• 196 Rectus Femoris Origin: Tho heads, one on the anterior inferior edge of the ilium (hip bone) and the other just below the first and attached to the superior edge of the hip socket. Insertion: Into the top of the patella (knee bone) and on from the patella to the tibial tubercle just cau­ dal to the knee. Action: Extends the lower leg on the knee and flexes the thigh on the hip. Position: The hip and knee are flexed 90° with no rotation. Rotation inward will bring fascia lata too much into play.Rotation outward will allow too much activity of iliopsoas and sartorius.These muscles are synergists and will be somewhat active in this test, even with no rotation. Stabilization: With the patient sitting or supine, sta­ bilization is not required. In standing, hold the patient's pelvis firmly and have the patient lean one hand upon the examiner's shoulder. The patient's abdominal muscles must be strong enough to prevent movement between the pelvis and the trunk. ANTERIOR NL POSTERIOR NL APPLIED KINESIOLOGY Muscle Test: With a hand anterior and just proximal to the knee, the examiner pushes to extend the hip. Front Neurolymphatic: Under the anterior inferior border of the rib cage. Be careful not to press directly below (caudal to) the sternum. The xiphoid process extends below the sternum and can be easily broken. Back Neurolymphatic: T8-T11 laminae. Neurovascular: Over the posterior part of the pari­ etal eminence (on the side of the top of the head, above and behind the ear). Reactive Muscles: Gastrocnemius, hamstrings, rec­ tus abdominis, sartorius, gluteus maximus, adductors. Meridian: Small intestine. Organ/Gland: Small intestine. Nutrition: Vitamin B complex, vitamin D, calcium, coenzyme QlO, acidophilus. 'I Discussion: Problems with the function of the small intestine can often be improved by extended stimu­ lation of the neurolymphatic reflexes for quadriceps. Goodheart often calls rectus femoris "quadriceps" in the literature. Rectus femoris is one of the four NEUROVASCULAR POINT SEDATION POINT, SMALL INTESTINE 8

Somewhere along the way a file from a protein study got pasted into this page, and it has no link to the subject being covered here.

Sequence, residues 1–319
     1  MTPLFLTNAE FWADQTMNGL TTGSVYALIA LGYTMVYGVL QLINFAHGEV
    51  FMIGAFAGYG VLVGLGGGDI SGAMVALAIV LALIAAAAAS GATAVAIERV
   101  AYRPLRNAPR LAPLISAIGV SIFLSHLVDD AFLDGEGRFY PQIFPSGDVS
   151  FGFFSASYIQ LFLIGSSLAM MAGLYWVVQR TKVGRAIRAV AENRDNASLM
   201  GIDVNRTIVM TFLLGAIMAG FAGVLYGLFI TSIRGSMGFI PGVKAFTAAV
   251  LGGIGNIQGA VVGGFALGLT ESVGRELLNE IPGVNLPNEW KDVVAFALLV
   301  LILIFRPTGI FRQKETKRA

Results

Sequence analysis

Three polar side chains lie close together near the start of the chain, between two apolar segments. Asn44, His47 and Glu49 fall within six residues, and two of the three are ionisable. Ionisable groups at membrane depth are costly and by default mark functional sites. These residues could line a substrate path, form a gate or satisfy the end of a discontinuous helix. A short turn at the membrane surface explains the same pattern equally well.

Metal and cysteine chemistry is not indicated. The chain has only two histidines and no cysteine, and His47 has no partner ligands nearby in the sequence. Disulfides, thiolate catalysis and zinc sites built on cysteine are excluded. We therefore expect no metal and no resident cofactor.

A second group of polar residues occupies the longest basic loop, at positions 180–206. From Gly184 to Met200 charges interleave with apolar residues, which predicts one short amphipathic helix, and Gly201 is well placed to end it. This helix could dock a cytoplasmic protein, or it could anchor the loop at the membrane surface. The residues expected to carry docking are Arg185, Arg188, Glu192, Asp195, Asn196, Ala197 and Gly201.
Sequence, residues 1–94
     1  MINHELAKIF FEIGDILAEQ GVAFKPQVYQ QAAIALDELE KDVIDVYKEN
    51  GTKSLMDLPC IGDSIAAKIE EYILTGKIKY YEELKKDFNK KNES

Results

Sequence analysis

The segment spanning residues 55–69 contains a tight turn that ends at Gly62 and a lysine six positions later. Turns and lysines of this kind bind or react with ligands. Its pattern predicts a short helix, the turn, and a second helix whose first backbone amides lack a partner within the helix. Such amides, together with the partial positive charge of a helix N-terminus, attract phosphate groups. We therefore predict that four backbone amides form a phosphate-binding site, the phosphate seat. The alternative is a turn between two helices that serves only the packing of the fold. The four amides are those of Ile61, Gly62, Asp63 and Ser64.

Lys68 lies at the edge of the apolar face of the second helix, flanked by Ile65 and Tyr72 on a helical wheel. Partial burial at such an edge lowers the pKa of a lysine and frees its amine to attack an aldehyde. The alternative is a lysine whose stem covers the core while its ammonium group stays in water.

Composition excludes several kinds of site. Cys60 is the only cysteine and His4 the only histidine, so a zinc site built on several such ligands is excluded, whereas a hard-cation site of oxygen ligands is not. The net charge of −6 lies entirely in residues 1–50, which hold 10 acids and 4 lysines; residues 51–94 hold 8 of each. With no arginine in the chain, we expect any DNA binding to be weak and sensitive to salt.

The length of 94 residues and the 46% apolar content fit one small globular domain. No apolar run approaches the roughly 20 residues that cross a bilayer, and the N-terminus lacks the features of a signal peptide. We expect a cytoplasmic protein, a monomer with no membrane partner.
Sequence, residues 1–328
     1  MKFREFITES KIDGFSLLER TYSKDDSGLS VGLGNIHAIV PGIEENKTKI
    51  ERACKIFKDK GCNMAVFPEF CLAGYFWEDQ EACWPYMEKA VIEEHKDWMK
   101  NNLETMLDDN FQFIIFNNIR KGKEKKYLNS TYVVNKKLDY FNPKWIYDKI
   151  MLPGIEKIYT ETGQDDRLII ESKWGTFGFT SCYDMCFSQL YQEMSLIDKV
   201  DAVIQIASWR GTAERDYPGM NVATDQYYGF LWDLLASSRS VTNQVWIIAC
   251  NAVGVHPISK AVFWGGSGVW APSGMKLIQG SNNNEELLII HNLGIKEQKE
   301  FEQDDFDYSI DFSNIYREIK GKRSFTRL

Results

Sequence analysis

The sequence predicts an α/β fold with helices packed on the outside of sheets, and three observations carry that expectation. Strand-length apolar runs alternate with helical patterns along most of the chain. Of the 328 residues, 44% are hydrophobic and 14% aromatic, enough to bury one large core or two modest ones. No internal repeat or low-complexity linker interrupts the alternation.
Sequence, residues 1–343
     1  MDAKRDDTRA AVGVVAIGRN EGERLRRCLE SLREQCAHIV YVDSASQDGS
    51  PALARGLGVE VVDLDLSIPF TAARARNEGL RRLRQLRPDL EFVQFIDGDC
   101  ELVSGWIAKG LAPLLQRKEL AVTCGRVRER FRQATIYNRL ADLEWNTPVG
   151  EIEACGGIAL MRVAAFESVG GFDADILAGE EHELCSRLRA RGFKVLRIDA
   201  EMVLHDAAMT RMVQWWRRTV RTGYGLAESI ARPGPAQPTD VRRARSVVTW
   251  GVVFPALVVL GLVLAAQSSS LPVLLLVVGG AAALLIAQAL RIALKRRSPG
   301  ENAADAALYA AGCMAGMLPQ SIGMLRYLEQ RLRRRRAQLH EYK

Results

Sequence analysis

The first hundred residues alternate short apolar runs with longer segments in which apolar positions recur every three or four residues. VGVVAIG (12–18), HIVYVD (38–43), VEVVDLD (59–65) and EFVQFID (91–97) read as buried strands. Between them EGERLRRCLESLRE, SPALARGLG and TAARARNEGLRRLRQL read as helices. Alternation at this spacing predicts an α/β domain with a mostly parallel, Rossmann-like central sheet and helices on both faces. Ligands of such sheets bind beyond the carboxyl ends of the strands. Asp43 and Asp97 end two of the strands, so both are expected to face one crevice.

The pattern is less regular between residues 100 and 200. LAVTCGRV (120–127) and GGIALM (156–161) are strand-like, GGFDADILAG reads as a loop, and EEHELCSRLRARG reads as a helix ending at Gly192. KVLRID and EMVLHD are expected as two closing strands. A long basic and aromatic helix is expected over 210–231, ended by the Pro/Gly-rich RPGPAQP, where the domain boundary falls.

• MUSCLE TESTS quadriceps muscles, which all have the same reflex points. For a discussion of the use of the neurolym­ phatic reflexes to allow quadriceps to continue to con­ tract at full power for extendedlengths of time (useful to athletes!) see the section on repeated muscle test­ ing (pages 123). 197 In many athletic injuries, quadriceps is often found to be involved in reactive muscle relationship, either as the primary or a reactive muscle. Correcting this reactive muscle relationship can help the athlete to return more quickly and without pain to his or her sport. RECTUS FEMORIS RECTUS FEMORIS, TESTED PUSHING RECTUS FEMORIS, TESTED PULLING